• O'Neill, J. 2014. Antimicrobial resistance: Tackling a crisis for the health and wealth of nations. Review of Antimicrobial Resistance [online]. [Cited 16 July 2020]. https://amr-review.org/sites/default/files/AMR%20Review%20Paper%20-%20Tackling%20a%20crisis%20for%20the%20health%20and%20wealth%20of%20nations_1.pdf 
  • The News. 2019. 4,915 litre tainted milk disposed of. In: The News [online]. [Cited 14 January 2019]. https://www.thenews.com.pk/ print/418656-4-915-litre-tainted-milk-disposed-of
  • Van Boeckel T.P., Brower C., Gilbert M., Grenfell B.T., Levin S.A. & Robinson T.P. 2015. Global trends in antimicrobial use in food animals. Proceedings of the National Academy of Sciences USA, 112(18):5649–5654. (Also available at https://doi:10.1073/pnas.1503141112). 
  • Van Boeckel, T.P., Pires, J., Silvester, R., Zhao, C., Song, J., Criscuolo, N.G, Gilbert, M., Bonhoeffer, S. & Laxminarayan, R. 2019. Global trends in antimicrobial resistance in animals in low- and middle-income countries. Science, 365:1266.
  • Xiong, X., Guardone, L., Cornax, M.J., Tinacci, L., Guidi, A., Gianfaldoni, D. & Armani, A. 2016a. DNA barcoding reveals substitution of sablefish (Anoplopoma fimbria) with Patagonian and Antarctic toothfish (Dissostichus eleginoides and Dissostichus mawsoni) in online market in China: How mislabeling opens door to IUU fishing. Food Control, 70:380–391. (also available at: https://doi.org/10.1016/j. foodcont.2016.06.010).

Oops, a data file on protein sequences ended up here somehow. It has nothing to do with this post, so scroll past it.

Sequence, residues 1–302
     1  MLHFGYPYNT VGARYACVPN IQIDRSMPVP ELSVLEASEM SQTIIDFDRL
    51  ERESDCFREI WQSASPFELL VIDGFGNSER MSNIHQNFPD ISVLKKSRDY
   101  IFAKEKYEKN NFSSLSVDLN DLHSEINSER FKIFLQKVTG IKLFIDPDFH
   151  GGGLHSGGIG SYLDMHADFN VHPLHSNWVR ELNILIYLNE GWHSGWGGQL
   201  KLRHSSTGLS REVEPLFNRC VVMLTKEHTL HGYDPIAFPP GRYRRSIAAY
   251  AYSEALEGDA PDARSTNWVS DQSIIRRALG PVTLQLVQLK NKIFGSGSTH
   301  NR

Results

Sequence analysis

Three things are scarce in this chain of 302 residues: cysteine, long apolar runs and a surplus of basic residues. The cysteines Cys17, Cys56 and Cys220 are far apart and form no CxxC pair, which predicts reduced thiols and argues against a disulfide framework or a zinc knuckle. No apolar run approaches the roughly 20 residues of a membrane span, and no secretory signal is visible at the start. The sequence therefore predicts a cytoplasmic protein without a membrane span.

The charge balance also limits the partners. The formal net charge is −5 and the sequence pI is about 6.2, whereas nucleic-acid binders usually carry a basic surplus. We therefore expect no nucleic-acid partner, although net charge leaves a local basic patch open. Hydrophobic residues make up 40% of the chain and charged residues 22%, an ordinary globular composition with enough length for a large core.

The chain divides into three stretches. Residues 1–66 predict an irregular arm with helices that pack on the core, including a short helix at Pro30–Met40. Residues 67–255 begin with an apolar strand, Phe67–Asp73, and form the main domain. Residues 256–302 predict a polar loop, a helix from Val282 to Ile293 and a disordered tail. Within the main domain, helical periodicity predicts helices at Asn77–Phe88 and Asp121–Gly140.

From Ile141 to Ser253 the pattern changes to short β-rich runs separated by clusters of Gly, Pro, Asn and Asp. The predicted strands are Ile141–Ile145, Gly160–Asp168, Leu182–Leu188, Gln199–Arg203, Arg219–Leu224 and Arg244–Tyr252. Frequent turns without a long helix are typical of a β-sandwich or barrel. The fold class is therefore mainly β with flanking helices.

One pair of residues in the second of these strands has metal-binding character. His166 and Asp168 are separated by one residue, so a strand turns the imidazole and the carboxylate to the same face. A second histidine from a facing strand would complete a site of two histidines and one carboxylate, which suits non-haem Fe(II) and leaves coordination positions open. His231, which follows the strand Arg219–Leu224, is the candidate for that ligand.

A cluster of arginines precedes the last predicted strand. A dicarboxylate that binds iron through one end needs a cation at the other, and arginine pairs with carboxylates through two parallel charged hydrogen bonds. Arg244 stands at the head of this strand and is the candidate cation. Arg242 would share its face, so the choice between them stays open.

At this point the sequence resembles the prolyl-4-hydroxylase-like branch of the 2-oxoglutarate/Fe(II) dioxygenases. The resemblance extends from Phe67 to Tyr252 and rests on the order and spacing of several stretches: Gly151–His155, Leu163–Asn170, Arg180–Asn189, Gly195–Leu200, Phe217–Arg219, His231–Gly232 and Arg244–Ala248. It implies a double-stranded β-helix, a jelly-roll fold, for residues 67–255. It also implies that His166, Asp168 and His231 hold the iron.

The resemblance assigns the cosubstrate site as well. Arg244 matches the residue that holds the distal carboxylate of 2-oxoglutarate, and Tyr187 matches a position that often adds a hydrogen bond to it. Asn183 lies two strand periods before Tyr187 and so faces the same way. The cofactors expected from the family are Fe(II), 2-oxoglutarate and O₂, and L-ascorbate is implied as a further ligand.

• Yam, E., Hsu, L., Yap, E. et al. 2019. Antimicrobial resistance in the Asia Pacific region: A meeting report. Antimicrobial Resistance and Infection Control 8: 202 [online]. https://doi.org/10.1186/s13756-019-0654-8 
  • Zhou, X., Taylor, M.P., Salouros, H. & Prasad, S. 2018. Authenticity and geographic origin of global honeys determined using carbon isotope ratios and trace elements. Scientific Report, 8, 14639. (also available at: https://doi.org/10.1038/s41598-018-32764-w).